Part of a series of poems produced by the Fantastic Five, a group of incarcerated women in Antigua and Barbuda who participated in a six week Writing/Communications programme facilitated by Brenda Lee Browne who encouraged them to Just Write. “This group of five is made up of first time writers, women who did not know that they could write,” Browne noted. She was proud in the end of what they’d produced. “It takes courage to share your work, read out loud your personal interpretation of life,” she noted. We tend to have an out of sight, out of mind attitude to people who’ve run afoul of the law and been locked away from society. This series of poems reminds us that, like anyone else, they just want to be heard.
MY BLACK MAN – WHO’S MY BLACK MAN?
Every time my black man smiles he brightens up my day like sunshine
I love it when he says ‘baby girl drop it like it’s hot’
Can’t forget the frozen grapes he loves to eat from me
When he’s naked he looks like a million dollars
When he dresses up he looks like a fresh, brand new dollar bill
He loves to sing reggae music but when he dances he chants like a
When I’m with my 6’2 tall black man I feel most protected with his broad
Shoulders around my body
My black man is smart and educated just like an English dictionary
When he opens his mouth to speak he just comforts me like a new born baby
When I look into his beautiful brown eyes I see faith and love in us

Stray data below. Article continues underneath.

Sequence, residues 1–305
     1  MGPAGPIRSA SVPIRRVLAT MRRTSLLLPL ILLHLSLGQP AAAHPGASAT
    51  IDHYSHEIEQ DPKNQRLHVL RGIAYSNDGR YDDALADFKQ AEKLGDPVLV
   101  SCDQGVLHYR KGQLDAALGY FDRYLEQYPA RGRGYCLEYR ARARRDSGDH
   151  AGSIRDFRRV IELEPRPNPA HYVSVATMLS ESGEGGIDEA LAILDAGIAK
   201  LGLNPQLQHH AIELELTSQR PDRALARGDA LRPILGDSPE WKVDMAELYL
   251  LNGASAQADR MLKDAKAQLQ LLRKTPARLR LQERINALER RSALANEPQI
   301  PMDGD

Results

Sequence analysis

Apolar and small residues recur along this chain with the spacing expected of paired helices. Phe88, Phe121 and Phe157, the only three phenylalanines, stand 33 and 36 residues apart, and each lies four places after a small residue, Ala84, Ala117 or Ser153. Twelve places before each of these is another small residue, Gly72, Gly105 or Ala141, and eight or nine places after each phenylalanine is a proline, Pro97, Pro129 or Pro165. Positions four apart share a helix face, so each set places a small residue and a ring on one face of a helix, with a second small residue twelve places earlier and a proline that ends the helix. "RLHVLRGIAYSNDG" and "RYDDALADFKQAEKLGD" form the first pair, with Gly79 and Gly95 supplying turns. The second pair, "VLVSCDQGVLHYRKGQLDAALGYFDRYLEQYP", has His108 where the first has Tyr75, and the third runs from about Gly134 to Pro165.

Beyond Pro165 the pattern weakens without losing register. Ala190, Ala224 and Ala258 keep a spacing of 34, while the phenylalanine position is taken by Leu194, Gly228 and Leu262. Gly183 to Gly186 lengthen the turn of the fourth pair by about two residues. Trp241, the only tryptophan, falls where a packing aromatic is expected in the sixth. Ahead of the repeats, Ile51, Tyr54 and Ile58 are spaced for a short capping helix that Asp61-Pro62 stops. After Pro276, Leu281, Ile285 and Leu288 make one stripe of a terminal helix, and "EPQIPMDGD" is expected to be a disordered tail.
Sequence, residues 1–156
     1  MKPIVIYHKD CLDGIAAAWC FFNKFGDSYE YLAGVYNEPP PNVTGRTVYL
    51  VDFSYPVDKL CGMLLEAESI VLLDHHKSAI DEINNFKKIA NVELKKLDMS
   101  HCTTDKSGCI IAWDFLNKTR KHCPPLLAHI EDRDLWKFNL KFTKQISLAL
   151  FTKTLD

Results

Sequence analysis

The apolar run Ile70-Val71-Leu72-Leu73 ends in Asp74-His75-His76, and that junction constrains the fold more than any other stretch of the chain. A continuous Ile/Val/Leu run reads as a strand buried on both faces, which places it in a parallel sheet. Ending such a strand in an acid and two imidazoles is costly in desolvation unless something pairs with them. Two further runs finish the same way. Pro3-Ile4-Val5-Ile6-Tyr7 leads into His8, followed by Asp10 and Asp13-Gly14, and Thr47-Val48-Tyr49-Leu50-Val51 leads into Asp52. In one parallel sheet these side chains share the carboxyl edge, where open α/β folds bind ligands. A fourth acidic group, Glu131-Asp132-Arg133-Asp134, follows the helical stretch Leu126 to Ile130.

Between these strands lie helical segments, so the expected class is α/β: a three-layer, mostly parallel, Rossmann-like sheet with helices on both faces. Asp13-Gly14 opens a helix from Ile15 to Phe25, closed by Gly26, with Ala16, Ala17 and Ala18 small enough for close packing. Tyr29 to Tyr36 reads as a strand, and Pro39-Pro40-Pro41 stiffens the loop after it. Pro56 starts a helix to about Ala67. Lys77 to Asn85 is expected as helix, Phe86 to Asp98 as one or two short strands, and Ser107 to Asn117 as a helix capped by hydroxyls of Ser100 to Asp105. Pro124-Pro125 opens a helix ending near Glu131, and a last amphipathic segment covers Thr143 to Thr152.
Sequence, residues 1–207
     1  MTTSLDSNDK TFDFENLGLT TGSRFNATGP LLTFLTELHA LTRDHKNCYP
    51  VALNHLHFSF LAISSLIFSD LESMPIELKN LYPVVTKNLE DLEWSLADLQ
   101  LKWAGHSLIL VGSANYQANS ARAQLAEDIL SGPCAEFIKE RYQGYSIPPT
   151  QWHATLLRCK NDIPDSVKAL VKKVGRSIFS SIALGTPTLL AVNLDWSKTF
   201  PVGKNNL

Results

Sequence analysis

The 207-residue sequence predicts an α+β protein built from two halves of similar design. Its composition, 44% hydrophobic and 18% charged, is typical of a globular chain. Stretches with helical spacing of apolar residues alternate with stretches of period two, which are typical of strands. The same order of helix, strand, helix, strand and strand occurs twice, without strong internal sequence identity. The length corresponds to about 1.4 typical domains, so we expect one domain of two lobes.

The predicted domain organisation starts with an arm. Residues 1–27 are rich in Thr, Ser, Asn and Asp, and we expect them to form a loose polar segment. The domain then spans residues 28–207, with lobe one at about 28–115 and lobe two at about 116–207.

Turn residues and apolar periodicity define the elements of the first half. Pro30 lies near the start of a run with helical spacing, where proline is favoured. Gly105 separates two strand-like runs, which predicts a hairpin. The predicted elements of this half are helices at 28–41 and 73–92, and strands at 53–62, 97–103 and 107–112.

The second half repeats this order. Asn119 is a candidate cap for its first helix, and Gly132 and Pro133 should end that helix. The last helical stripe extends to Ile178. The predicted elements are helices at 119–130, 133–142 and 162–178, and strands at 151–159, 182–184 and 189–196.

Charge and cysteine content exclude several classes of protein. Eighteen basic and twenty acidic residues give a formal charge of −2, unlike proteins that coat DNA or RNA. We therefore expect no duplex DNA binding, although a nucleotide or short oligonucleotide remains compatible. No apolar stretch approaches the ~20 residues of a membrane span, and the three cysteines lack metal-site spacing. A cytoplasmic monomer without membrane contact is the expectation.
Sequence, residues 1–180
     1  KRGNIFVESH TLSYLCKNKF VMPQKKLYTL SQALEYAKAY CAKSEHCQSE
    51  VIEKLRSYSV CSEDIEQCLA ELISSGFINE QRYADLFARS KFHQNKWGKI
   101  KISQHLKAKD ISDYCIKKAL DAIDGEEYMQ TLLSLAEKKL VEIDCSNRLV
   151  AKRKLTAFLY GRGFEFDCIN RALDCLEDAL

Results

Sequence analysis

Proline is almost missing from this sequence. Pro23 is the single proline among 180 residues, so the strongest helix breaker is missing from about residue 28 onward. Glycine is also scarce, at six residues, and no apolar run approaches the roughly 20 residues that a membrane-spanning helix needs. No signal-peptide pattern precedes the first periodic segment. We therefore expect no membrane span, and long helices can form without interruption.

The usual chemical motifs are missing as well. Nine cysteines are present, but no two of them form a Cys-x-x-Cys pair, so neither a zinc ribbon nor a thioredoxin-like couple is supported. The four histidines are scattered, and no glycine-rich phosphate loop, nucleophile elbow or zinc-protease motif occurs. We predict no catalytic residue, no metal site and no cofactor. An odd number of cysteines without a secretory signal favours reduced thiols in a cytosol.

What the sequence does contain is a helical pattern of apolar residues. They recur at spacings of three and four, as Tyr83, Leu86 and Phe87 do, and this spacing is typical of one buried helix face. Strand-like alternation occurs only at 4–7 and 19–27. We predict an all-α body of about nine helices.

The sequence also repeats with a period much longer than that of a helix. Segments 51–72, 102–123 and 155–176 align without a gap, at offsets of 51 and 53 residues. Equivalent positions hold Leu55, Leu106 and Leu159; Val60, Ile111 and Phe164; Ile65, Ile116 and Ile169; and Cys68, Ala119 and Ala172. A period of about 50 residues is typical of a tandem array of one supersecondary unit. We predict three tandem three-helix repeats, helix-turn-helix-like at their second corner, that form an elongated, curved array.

He caresses me when I’m upset to make me happy again
When he needs relaxation he draws from some sensimellia and a bottle of brown
Bitter brew – Guinness
When I’m with my black man I’m sexy and dressed to tease – full black suit with a
Little pink, can’t forget the 5 inch heels
That special occasion brings out the wildness in me
I always try to keep a smile on my black man
He’s loving me
I always tell my black man “I never met a piece of chocolate I didn’t like’
Who’s my black man?
My black man is unconditional love – Jah Cure
By Jay Marie Chin©2011
These pieces from the writing/communications programme facilitated by Brenda Lee Browne, in the women’s section of Antigua and Barbuda’s prison in 2011, are posted here with the writers’ permission as relayed to us by Browne. This is for the purpose of sharing the fruits of their creative labour. Copyright of these pieces remain the preserve of the writers and, as is the case with all Wadadli Youth Pen Prize/Wadadli Pen content should not be copied, distributed, transmitted, used for commercial purposes, altered, transformed, or built upon without the consent of the copyright holders. All other site content is created by me (Joanne C. Hillhouse) or, in the case of winning Wadadli Pen stories, the specific authors unless otherwise indicated. The same rules apply.